The Government of Ethiopia, civil society (especially Tigrayans), and their supporters abroad must prepare for defending against this impending scenario, though if the latest conflict is anything to go by, then they’ll certainly succeed.
“Ethiopia Had A Good Reason To Vote Against The UN Resolution On Ukrainian Reparations”, namely to preemptively defend itself from the “lawfare” scenario of further US meddling in its domestic affairs through the creation of similar mechanisms as those that’ll be created against Russia on that pretext. That sequence of Hybrid War events is no longer the realm of speculation after an unnamed senior State Department official told the media on Tuesday that the US might sanction Ethiopia yet again.
That figure threatened to wield these economic weapons if non-ENDF forces like Afar militias, Amhara special forces, and Eritrean troops don’t withdraw from the Tigray Region per their commitment as enshrined in this month’s peace agreement between the Government of Ethiopia (GOE) and the TPLF. They also added that this could be pursued to “hold actors accountable for human rights violations or for the purposes of trying to ensure that this agreement is respected and abided.”
On that topic, the unnamed source said that while the US hasn’t yet made a determination on the atrocities allegedly committed throughout the course of the Northern Ethiopian Conflict, it’s still “absolutely committed to ensuring that those who are responsible for gross violations of human rights are held accountable”. This very strongly hints that sanctions could be wielded against those that it determines are supposedly responsible for committing war crimes.
It should also be pointed out that “The US Continues To Disrespect Ethiopia By Playing Word Games With The TPLF’s Name” after the unnamed official referred to that group as the “Tigrayan Defense Forces” and its TDF acronym a total of three times. State Department spokesman Ned Price had earlier done the same and even doubled down upon being challenged about this by a journalist, thus confirming that it’s the US’ unofficial policy to provocatively use these terms interchangeably.
By contrast, that same unnamed official only used the proper TPLF terminology twice, meaning that the improper one that isn’t mentioned anywhere in the recently signed peace agreement was employed one time more. Considering this tacit signal of support for that group as well as its sanctions threats that it plans to wield as a Damocles’ sword over the heads of the GOE, irrespective of whether they’re implemented on a similar pretext as the Ukrainian reparations one, it’s clear that the US is meddling.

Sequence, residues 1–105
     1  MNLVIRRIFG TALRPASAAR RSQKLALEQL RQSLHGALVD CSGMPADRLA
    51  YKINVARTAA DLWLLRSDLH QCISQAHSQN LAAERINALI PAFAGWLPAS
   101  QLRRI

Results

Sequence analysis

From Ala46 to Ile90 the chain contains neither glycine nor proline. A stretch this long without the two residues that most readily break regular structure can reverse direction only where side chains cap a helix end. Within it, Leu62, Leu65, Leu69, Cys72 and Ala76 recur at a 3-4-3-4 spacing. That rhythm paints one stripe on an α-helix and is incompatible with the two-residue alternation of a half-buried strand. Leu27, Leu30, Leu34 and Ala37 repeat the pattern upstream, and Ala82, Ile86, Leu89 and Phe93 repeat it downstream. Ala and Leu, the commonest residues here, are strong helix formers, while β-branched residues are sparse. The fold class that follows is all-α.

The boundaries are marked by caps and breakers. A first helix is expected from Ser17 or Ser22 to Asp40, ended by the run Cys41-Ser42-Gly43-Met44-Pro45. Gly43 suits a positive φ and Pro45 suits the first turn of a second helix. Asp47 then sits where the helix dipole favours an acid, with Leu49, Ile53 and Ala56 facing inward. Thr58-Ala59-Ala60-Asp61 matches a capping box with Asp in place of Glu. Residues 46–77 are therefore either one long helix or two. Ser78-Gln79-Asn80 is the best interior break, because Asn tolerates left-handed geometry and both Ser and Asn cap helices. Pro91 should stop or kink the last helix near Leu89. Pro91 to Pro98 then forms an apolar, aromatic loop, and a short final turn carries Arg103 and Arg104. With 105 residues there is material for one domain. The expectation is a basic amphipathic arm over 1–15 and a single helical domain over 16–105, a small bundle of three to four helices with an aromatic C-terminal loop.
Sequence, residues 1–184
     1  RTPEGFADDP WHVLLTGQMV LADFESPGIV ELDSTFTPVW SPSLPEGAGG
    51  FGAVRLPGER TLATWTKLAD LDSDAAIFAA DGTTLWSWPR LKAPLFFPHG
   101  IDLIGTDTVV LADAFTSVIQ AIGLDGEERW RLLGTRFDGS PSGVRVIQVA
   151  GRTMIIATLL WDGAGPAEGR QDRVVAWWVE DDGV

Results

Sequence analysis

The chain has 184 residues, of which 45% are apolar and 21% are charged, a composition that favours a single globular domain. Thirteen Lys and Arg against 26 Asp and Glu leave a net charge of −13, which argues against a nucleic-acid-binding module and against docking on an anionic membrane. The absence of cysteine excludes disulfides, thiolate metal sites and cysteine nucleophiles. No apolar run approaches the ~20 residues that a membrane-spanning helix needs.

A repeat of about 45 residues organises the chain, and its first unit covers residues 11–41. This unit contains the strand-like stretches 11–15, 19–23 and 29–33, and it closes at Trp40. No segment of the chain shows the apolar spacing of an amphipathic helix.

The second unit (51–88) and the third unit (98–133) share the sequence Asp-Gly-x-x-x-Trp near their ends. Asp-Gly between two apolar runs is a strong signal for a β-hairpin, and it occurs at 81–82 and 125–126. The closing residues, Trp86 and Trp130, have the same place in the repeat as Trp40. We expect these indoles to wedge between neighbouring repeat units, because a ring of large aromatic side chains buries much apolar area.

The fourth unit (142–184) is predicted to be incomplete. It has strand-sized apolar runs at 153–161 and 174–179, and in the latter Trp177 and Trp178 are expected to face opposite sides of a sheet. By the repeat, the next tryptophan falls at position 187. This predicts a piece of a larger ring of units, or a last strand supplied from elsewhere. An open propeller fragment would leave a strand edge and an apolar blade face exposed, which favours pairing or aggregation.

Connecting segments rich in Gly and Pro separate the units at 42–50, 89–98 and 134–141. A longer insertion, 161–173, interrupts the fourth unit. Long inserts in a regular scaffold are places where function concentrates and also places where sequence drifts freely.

This illegal interference in Ethiopia’s domestic affairs amounts to a violation of both conflicting parties’ will with respect to the part of their joint statement calling on everyone across the world to support their fledgling peace process. Provocatively employing wartime terminology and preparing to wage another form of Hybrid Warfare against the GOE is unfriendly to the extreme and suggests that America plans to complicate the peace process as revenge for the very fact that it was agreed to in the first place.
The US planned to fight the GOE to the last Tigrayan as punishment for the former’s independent foreign policy and attendant decision to remain neutral in the New Cold War between that declining unipolar hegemon and its vassals on one side and the rising multipolar Great Powers of China and Russia on the other. Ethiopia’s defeat was supposed to serve as a powerful example deterring all other Global South countries and especially those in Africa from following in its footsteps.
Instead, Ethiopia’s victory resulted in the opposite outcome in the sense that all other Global South countries and especially those in Africa now see that it’s possible to win against seemingly insurmountable odds so long as society remains united and stands in solidarity with their armed forces. The powerful example set by Ethiopia therefore works against the US’ hegemonic interests, hence why it’s once again conspiring to destabilize that rising African leader through “lawfare”.
Raising awareness of this plot, the existence of which is unquestionably confirmed by the unnamed State Department official’s own statement of intent with respect to once again sanctioning Ethiopia on human rights and military pretexts, is meant to ensure that it fails. The GOE, civil society (especially Tigrayans), and their supporters abroad must prepare for defending against this impending scenario, though if the latest conflict is anything to go by, then they’ll certainly succeed.